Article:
CCNA Security Chapter 4 - Implementing Firewall Technologies (Part 2 Firewalls)

 Chapter 4 - Implementing Firewall Technologies (part 1 ACLs)

To review: Transmission Control Protocol - Protocol operation
Syslog Server - 3cdaemon

The term firewall originally referred to a fireproof wall (usually made of stone or metal) that prevented flames from spreading to connected structures.
A firewall prevents undesirable traffic from entering prescribed areas within a network. 

Stateless filtering - occurs regardless of whether a packet is part of an existing flow of data.
Each packet is filtered based solely on the values of certain parameters in the packet header, similar to how ACLs filter packets.

Stateful firewalls filter packets on information stored in the firewall based on data flowing through the firewall. The stateful firewall is able to determine if a packet belongs to an existing flow of data.
 (Source and destination IP addresses, and port numbers and sequencing information associated with a particular session).

A flow is a stream of related packets that meet the same matching criteria and share the same characteristics.

Four types of firewalls:
 - Packet filtering firewall - (Layer 3,4) Typically is a router with the capability to filter some packet content .
 - Stateful firewall - (Layer 3,4,5) Monitors the state of connections, whether the connection is in an initiation, data transfer, or termination state.
 - Application gateway firewall (proxy firewall) - (Layer 3,4,5,7) A firewall that filters information at Layers 3, 4, 5, and 7 of the OSI reference model. Most of the firewall control and filtering is done in software.
 - Network address translation (NAT) firewall - (Layer 3,4) A firewall that expands the number of IP addresses available and hides network addressing design.

Cisco firewall solutions:
- IOS Firewall (Cisco IOS feature),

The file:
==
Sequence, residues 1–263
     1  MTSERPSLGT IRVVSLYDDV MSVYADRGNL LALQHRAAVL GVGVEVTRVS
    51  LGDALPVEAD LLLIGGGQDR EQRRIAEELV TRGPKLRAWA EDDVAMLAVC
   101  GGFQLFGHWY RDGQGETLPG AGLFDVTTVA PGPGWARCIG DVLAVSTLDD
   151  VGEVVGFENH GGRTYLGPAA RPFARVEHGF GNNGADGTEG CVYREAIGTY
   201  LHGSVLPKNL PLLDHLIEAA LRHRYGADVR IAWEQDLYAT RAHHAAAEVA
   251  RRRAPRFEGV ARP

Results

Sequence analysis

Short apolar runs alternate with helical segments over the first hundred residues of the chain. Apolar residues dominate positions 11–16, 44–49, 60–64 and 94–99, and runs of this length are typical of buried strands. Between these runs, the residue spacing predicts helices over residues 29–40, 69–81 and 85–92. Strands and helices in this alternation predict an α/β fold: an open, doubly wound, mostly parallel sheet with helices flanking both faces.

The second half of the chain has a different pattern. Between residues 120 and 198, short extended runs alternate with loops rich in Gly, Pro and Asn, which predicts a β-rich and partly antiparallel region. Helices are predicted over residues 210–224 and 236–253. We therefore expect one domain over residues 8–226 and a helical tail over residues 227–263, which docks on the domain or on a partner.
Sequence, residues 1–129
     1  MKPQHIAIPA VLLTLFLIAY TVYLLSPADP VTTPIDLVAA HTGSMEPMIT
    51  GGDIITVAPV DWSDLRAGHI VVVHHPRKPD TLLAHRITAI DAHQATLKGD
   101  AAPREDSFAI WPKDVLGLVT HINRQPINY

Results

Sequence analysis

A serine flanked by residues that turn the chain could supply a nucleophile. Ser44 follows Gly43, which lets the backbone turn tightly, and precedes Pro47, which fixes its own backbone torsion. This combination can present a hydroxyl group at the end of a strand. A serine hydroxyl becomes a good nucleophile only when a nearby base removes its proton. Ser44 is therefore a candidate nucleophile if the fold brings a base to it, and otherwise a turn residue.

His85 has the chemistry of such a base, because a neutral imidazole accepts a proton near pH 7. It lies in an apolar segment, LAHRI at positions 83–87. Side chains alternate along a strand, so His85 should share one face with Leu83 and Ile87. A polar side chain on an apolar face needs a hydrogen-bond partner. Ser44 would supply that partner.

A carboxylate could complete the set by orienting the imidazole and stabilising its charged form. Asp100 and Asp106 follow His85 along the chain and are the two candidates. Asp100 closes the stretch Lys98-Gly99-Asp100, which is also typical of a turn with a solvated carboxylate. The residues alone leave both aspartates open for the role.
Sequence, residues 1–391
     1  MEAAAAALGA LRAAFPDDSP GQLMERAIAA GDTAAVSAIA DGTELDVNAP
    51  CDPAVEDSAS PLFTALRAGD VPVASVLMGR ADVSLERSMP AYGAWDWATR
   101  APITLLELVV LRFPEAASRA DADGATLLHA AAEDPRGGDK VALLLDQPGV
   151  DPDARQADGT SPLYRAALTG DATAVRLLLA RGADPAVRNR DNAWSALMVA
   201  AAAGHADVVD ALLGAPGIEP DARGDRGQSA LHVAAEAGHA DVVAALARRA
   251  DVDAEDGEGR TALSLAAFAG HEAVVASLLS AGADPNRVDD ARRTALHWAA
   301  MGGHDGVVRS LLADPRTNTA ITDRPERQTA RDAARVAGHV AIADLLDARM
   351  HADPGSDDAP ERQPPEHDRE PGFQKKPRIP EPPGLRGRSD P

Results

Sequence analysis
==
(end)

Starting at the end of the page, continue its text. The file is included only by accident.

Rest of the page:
- the PIX Security Appliances (this product is now end of life), is a standalone device that delivers robust user and application policy enforcement, multivector attack protection, and secure connectivity services. Range from SOHO (PIX 501) to Service Provider (PIX 535).
- ASA (Adaptive Security Appliances) - are easy-to-deploy solutions that integrate firewall capabilities. Range from SOHO (ASA 5505) to Service Provider (ASA 5580).

DMZ (demilitarized zone) is a portion of a network bounded by a firewall or set of firewalls.
Some designs are as simple as designating an outside (public) network (public network=Internet) and inside (private) network, determined by two interfaces on a firewall. 

1) Simple DMZ (2 interfaces)
Typically a firewall with two interfaces is configured as follows:
 - Traffic originating from the private network is inspected as it traverses toward the public network, and is permitted with little or no restriction; inspected traffic returning from the public network, that is associated with traffic that originated from the private network, is permitted.
 - Traffic originating from the public network, and traveling to the private network, is generally blocked entirely.

2) More complicated DMZ designs (three or more interfaces on a firewall)
Typically one inside interface connected to the private network,